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But it doesn’t have to be that way. In fact, it shouldn’t be that way.

God created each one of us with unique strengths, passions, and skills sets. He gave us each unique relationship connections that open doors of opportunity unavailable to others.

And He expects us to use it all to more fully reveal His majesty on earth as it is in heaven.

God’s Plans Rarely Move in a Straight Line

Why Insisting on the Best Route May Keep You from Your Destination

You’ve probably heard it said that the shortest distance between two points is a straight line. And usually that’s true. Except when we’re considering our life story – and God is involved.

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Think about it.

God’s redemptive story has unfolded throughout history with a singular purpose, but it has often taken a circuitous route, twisting and turning unexpectedly, even doubling back on itself at times.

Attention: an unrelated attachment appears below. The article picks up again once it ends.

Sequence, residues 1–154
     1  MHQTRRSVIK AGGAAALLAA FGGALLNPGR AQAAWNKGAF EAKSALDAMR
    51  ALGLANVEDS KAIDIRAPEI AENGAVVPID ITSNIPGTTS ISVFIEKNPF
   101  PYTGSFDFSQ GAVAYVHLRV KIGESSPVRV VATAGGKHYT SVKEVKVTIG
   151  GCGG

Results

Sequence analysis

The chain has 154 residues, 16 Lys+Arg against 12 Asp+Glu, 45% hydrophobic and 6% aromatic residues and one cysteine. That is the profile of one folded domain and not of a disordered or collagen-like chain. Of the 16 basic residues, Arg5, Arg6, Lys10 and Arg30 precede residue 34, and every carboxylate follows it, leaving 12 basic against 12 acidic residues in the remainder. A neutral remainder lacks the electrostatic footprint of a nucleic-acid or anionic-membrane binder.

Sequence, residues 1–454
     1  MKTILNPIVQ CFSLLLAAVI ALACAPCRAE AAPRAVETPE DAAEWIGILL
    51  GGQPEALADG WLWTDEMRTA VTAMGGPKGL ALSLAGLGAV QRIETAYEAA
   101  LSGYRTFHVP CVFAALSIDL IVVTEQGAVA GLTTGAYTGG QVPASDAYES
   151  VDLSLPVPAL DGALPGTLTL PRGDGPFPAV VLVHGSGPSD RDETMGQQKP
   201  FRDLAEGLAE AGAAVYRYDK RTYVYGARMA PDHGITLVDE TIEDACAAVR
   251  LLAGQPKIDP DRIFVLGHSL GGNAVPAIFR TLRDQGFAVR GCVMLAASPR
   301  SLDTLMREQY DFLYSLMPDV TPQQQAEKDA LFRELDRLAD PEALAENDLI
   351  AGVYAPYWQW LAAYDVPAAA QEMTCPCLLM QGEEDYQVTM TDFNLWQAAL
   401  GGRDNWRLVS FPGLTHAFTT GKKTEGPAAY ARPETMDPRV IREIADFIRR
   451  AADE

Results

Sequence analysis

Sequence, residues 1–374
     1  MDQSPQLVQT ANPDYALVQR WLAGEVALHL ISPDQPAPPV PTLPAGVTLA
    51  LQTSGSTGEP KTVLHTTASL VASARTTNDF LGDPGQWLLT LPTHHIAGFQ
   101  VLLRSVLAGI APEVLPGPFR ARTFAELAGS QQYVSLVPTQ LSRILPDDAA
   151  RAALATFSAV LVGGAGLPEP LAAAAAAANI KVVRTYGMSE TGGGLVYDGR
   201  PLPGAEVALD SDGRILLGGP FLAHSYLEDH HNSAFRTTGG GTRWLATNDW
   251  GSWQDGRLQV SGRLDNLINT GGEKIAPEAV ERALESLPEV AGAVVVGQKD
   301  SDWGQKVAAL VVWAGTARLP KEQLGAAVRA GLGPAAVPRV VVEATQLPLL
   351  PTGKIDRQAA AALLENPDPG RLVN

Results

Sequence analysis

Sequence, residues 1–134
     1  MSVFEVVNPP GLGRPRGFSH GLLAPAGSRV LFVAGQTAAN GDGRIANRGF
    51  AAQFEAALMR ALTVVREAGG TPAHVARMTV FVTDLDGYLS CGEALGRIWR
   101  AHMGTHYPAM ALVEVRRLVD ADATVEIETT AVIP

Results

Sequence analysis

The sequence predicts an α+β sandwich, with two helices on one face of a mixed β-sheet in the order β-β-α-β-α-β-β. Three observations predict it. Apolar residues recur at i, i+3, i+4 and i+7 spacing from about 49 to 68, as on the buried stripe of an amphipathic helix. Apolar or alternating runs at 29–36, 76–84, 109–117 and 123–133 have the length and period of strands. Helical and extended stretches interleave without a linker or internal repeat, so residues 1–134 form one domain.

Or so it seems to us.

Life Direction: How to Get There from Here

Are You Willing to Make the Commitment to Move?

I had another post planned for today to help equip you to live an authentic life. I love hearing from all of you who let me know the faith challenges you face. I then prayerfully plan posts, podcasts, and other resources (in the works) to help you get clarity and confidence for living the Christian life. But today I wanted to share a few thoughts about how to get there from here.

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I’ve recently had a number of conversations with people seeking clarity on life direction, something we all crave.

To All Those Who Want Their Story to Matter

Someday, you will tell your story. You may tell it here and now in this life or there and then in your next season of existence, after you have “shuffled off this mortal coil.” But it’s going to happen. The question is: will your story be worth telling?